The dome, Netzer continues, was curved and conical. Compare the dome of a nearly contemporary tomb monument in Jerusalem, misnamed Absalom's Memorial, which is about half the size. Its meleke has been deeply weathered, in contrast with the stones from Herod's mausoleum, which have no patina. Netzer thinks that the uppermost, domed room contained the sarcophagus. The outside was adorned with four funerary urns, while a fifth urn probably crowned its top. After building the mausoleum and putting a garden around it, Herod raised the grand wall above it to hold back the fill that he intended to pour. Only then did he raise the hill, shaping it into the mountain we see today, so that his mausoleum would stand out against it. There is, as said, no patina on the stones of the tomb. The chisel marks appear so fresh that they could not have been long exposed to the elements. Chachy suggests 50 or 60 years, which would more or less fit the timing of the great revolt. The Jewish rebels, who hated the memory of Herod, did not want him affronting their eyes when they looked toward the desert. It was they, probably, who destroyed the mausoleum. Soon the pieces were covered in debris and dust.          In the area of the mausoleum the excavators found hundreds of fragments of reddish stone. When Chachy put what she had together, these formed parts of a beautifully carved sarcophagus. Even the rich, said Netzer, did not have one like this. He thinks it was Herod's. Why the tiny fragments strewn about? Perhaps the rebels knew whose remains it contained and smashed it to bits. Pieces of two more sarcophagi, white in color, were also discovered: they had been unceremoniously dumped and their pieces were closer together. They could have belonged to family members of Herod's son Archelaus, his successor in Judea. A few fragments of bone were found as well, but they have so far yielded nothing. Was this, then, Herod's tomb? Netzer put his certainty at 98 percent. Everything adds up: the statement in Josephus, the imported meleke, the elimination of a cistern and a theater, the sloped stone wall, the grand red sarcophagus chopped to bits, the exhaustion of other alternatives. He would have liked, however, to find an inscription.        {mospagebreak title=Later history} The later history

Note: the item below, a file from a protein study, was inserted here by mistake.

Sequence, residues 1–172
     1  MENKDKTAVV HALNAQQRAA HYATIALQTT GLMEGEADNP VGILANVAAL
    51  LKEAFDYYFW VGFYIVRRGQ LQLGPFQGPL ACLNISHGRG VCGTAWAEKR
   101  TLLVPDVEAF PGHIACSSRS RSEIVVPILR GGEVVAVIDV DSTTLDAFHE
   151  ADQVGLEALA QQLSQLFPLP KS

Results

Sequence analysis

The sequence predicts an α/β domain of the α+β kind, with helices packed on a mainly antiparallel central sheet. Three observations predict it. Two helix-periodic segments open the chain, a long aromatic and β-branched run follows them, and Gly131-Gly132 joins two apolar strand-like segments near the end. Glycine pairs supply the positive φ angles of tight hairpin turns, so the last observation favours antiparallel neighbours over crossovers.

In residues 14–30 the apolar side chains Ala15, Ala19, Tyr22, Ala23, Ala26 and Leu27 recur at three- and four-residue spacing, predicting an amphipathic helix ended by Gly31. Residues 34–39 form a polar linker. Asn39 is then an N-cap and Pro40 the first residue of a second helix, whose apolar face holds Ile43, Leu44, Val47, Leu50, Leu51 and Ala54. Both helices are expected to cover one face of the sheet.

After the fall of Jerusalem, Josephus tells us, the surviving free rebels took refuge in Herodium, Machaerus and Masada. In 71 or 72, a new Roman legate named Bassus "secured the submission of the fortress of Herodium together with its defenders" (War VII 6.1). The water supply was probably decisive: holding the aqueduct from the Artas spring, the Romans could maintain a siege for as long as it took, and there was no one to whom the rebels could send for help. According to Netzer, they dug a tunnel to Herod's cisterns from above, but it was mostly obliterated by the tunneling of the next group of rebels, to whom we turn now. In a cave at Wadi Murabat above the Dead Sea, rental contractsDiscoveries in the Judaean Desert, Oxford Univ. Press, II pp. 122-134, cited in Othmar Keel, Max Kuechler and Christoph Uehlinger, Orte und Landschaften der Bibel, Koeln: Benziger and Goettingen: Vandenhoeck and Ruprecht, 1984. Volume II, p. 656. were discovered mentioning Herodium as an administrative center during the Bar Kokhba Revolt (ca. 130-135 AD). The contracts call Herodium "Herodis" (whence perhaps the Arabic Furedis). About a thousand bronze coins minted under Bar Kokhba turned up near the upper palace's southern tower: perhaps the center's treasury. The relatively dense population of rebels in the small space above would account for the many rather simple foundations of walls that Corbo found: they partitioned the area into small rooms. In Herod's colonnaded courtyard the rebels erected a large lime kiln. Just outside the entrance to the old dining room they made a ritual bath (mikveh). They probably converted the dining room itself into a synagogue with benches on the sides. At the western end of the double encasement wall, the building stones are displaced and there are traces of fire—perhaps signs of their final battle in 135. From the Byzantine period, numerous Christian symbols appear in upper Herodium. The rich monastic literature, however, mentions no monastery here. Joe Zias,Joseph Zias, "Was Byzantine Herodium a Leprosarium?" Biblical Archaeologist, Sept. 1986has argued the case for identifying Herodium with an unlocated site named "the Phordisia" (whence Furedis?), where the beautiful Byzantine Empress Eudocia, around 438 AD, founded a hospital for 400 lepers. {mospagebreak title=Logistics} Logistics Phones: 050-623-5821 (at site); 057-776-2251; 057-776-1143; Nature Reserves and National Parks (Main office: 02/500-5444) Opening hours: April 1 through September 30, from 8.00 - 17.00. (Entrance until 16.00)* October 1 through March 31, from 8.00 - 16.00. (Entrance until 15.00)* *On Fridays and the eves of Jewish holidays, the sites close one hour earlier. For example, on a Friday in March one must enter by 14.00 and leave by 15.00.